Here are just a few of the golf industry's morbid headlines from recent years:
- Business Insider: "Adidas and Nike are signaling the death of the golf as we know it"
- Bloomberg: "Golf in the Rough"
- Men's Journal: "The Death of Golf"
Despite these eye-catching titles, the sport of golf isn't "dying" and is greatly misunderstood. Like every other sport, golf has certain dynamics and faces its own unique challenges. But the game has tremendous international reach, an array of young stars, and continues to innovate toward growth.
Golf generates an estimated $68B for the US economy alone, and after clarifying several common misconceptions, you'll see that those dollars aren't disappearing anytime soon.
Misconception 1: Nike & Adidas Equipment Shakeup
Adidas sparked headlines when it decided to sell its golf subsidiary, TaylorMade, in May of 2016. Nike intensified the industry's alarm bells when it withdrew from the golf equipment business altogether. Yet these announcements shouldn't be so shocking and are sound strategic decisions for both apparel conglomerates. The golf equipment business, particularly golf clubs, can be fundamentally challenging because the products last for many years; most golfers have little incentive to frequently purchase new clubs. Not surprisingly, both companies will continue to make golf apparel and footwear, where they can better leverage their commanding vertical integration and economies of scale.
Nike's Decision to Exit
The reality is that Nike never became truly relevant in golf equipment. With single-digit market share, it took a backseat to the likes of Titleist, TaylorMade, and Callaway. And if Nike can't become a category leader, it often exits. We saw this in recent years with its wearables offering, FuelBand. Nike's departure didn't mean that the wearables industry was "dying." It just meant that Nike wasn't going to dominate it, so it got out of the space.
Adidas' Effort to Sell
Similarly, adidas looks to shed noncore assets and keep focused on its main businesses. And while TaylorMade maintains greater market share than Nike, its financial performance has been hurt by its over aggressiveness. TaylorMade has often flooded the market with a seemingly endless array of new products expecting consumers to keep buying. Comparatively, its major competitor, Titleist, tries to better control inventory and heighten demand by only introducing new drivers in odd years (2015, 2013, etc) and irons in even years. This practice helps maintain a healthier cadence and subsequent financial performance, en route to its initial public offering in 2016.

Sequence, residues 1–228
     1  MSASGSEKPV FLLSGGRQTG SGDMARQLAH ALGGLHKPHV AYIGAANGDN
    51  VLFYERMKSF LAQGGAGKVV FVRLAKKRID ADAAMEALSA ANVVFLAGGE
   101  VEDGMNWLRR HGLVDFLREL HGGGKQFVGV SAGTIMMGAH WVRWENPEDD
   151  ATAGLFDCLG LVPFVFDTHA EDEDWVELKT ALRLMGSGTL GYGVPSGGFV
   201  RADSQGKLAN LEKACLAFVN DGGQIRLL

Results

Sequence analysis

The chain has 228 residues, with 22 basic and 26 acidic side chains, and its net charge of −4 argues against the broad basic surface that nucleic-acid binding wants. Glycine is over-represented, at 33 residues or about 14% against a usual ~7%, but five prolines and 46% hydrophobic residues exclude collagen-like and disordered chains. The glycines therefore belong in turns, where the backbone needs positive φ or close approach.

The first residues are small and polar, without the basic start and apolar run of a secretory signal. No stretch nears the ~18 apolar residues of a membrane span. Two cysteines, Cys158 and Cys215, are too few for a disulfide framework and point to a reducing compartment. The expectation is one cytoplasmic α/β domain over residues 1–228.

Misconception 2: Golf Course Closures
Golf courses are part of the real estate industry which is subject to booms and busts, so course closures shouldn't be astonishing either. Just as there were once too many Starbucks locations, golf courses have closed because they were overdeveloped and needed pruning. This doesn't mean that the game is on the brink of collapse. It simply means that certain landowners have sought a better utilization for their specific properties but that the enduring courses will likely get stronger.
Two common factors have driven course closures. First, newer courses cannibalized existing ones. If developers could build a better golf club and overtake others in the market, they did so, which left some preexisting courses in trouble. Second, the newer courses that have failed were often fringe developments, missing the mark of where people wanted to live or frequent.
A positive trend is that contemporary golf course developers, like Discovery Land Company, have introduced a range of properties offering a differentiated membership experience, with music blasting on the driving ranges and no dress codes in idyllic locations; the company continues to add to its portfolio, soon opening destinations in Nevada and New York.
Misconception 3: Reduced Participation